The Trust for Public Land scored the park systems on criteria including park size, the city’s investments in the parks and park access, which measures the percentage of residents living with a half-mile of a park. On a scale of zero to five park benches, Louisville received one lonely park bench.
The city did well on measurements of park size, thanks to behemoths like the Frederick Law Olmsted-designed Cherokee and Shawnee parks, but the city didn't do so well on park access.
Peter Harnick of the Trust for Public Land says some of the problems identified by the report can be traced back to Louisville’s city-county merger.
“When you have a small city that goes back a couple hundred years when people were almost walking distance from their parks, and then you merge with your surrounding county and pick up tremendous acreage of suburban and relatively undeveloped and almost rural land, of course that’s going to put a challenge to get everybody within a ten minute walk to their park,” he says.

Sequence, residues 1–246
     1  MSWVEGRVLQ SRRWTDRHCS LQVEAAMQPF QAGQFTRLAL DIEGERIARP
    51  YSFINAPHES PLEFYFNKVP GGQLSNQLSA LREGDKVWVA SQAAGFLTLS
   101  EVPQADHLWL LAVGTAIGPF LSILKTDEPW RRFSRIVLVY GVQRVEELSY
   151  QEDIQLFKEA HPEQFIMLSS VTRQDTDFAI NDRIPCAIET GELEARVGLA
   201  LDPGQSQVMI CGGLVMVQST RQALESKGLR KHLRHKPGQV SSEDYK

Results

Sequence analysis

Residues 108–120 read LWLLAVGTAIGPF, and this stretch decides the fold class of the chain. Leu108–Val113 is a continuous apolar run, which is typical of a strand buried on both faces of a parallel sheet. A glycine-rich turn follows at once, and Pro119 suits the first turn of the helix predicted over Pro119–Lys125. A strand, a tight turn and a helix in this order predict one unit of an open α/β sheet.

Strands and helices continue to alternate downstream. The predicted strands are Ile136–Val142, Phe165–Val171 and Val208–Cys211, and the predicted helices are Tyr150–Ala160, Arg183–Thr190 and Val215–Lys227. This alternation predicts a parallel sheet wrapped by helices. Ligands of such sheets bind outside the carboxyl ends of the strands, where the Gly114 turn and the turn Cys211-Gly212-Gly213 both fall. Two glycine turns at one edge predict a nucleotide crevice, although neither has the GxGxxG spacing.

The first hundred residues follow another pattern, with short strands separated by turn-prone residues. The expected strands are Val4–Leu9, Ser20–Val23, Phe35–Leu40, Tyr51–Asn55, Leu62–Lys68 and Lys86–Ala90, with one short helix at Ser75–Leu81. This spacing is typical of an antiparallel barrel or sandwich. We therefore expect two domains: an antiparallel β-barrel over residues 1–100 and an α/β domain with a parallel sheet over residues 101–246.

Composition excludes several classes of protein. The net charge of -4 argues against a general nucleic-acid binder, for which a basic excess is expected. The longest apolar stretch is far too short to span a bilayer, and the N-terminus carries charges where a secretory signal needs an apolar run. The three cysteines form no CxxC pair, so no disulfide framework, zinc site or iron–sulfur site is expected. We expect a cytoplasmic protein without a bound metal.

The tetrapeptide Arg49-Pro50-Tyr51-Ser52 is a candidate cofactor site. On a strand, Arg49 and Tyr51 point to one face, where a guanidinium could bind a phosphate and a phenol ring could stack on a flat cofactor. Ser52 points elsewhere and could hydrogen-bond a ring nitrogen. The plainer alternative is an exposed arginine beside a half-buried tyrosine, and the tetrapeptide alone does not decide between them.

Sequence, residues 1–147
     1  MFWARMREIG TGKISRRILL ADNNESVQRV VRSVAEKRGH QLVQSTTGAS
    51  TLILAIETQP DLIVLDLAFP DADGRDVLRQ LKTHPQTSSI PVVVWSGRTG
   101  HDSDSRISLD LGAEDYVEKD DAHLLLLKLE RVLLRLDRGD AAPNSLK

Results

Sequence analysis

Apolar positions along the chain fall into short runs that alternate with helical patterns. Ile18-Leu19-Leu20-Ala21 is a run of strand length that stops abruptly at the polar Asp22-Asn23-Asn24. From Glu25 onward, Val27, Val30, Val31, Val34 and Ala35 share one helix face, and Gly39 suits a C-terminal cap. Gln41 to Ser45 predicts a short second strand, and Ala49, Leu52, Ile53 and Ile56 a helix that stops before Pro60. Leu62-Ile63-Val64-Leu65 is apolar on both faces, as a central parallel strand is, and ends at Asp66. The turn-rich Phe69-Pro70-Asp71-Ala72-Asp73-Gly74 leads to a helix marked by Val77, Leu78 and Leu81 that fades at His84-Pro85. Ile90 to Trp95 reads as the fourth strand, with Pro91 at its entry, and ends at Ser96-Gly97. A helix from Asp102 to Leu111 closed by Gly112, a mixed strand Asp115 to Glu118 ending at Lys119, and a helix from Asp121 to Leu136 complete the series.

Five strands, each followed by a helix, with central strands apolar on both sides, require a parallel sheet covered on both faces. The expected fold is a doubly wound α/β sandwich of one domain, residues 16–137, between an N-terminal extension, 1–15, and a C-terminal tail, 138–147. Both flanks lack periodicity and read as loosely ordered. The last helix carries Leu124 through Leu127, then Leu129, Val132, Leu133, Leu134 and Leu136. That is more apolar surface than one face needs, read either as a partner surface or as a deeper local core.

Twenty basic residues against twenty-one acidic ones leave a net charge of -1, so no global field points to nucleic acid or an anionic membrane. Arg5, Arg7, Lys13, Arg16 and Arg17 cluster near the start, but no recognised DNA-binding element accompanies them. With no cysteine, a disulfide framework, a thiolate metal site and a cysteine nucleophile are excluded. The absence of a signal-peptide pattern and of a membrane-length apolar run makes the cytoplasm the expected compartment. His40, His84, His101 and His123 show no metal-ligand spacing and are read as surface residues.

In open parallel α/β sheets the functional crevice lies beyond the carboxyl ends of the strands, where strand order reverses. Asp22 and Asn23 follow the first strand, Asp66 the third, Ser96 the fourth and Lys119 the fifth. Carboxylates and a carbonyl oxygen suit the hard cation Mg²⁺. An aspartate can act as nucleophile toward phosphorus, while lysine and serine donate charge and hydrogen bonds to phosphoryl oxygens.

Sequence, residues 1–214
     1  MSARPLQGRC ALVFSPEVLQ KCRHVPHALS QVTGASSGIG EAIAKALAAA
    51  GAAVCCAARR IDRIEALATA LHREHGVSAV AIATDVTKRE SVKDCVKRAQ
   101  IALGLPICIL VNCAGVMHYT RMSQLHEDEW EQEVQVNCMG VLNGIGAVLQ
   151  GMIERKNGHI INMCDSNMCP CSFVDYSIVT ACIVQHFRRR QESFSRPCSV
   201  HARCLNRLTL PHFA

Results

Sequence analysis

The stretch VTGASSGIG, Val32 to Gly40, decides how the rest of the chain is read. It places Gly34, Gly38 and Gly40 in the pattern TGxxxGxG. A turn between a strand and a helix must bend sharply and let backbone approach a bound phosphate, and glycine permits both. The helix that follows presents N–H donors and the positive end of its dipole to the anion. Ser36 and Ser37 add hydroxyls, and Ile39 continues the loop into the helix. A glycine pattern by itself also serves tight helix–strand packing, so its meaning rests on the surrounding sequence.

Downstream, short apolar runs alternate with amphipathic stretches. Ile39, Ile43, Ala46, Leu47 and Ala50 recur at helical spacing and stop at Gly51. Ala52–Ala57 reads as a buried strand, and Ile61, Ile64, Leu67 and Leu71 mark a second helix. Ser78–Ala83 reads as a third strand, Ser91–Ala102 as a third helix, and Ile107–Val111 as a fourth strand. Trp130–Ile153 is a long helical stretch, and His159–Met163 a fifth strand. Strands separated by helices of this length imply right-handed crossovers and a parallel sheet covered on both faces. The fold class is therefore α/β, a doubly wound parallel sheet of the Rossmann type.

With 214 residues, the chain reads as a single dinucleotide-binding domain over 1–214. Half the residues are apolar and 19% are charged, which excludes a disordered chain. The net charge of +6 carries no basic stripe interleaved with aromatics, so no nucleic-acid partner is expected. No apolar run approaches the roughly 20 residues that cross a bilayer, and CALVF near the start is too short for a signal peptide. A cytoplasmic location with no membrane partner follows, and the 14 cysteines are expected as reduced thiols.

John Hamilton, Assistant to the Director at Metro Parks, agrees with the assessment that merger did complicate the city’s park access, thought he notes that absorbing suburbs did add several valuable parks to the city’s inventory.
Besides the city’s acreage issue, Hamilton concedes that Louisville’s per capita park spending and number of playgrounds is much lower than other cities. But he predicts future projects will eventually help improve the city’s score.
“21st Century Parks is going to make a great deal of difference,” he said. “So is the Louisville Loop. When you think about building a 105 mile track around the city, thousands of people are going to be within minutes of the Louisville Loop.”
The only cities ranked below Louisville were Charlotte, North Carolina and Fresno, California. San Francisco got the highest rating. To see the rankings, visit the Park Score website.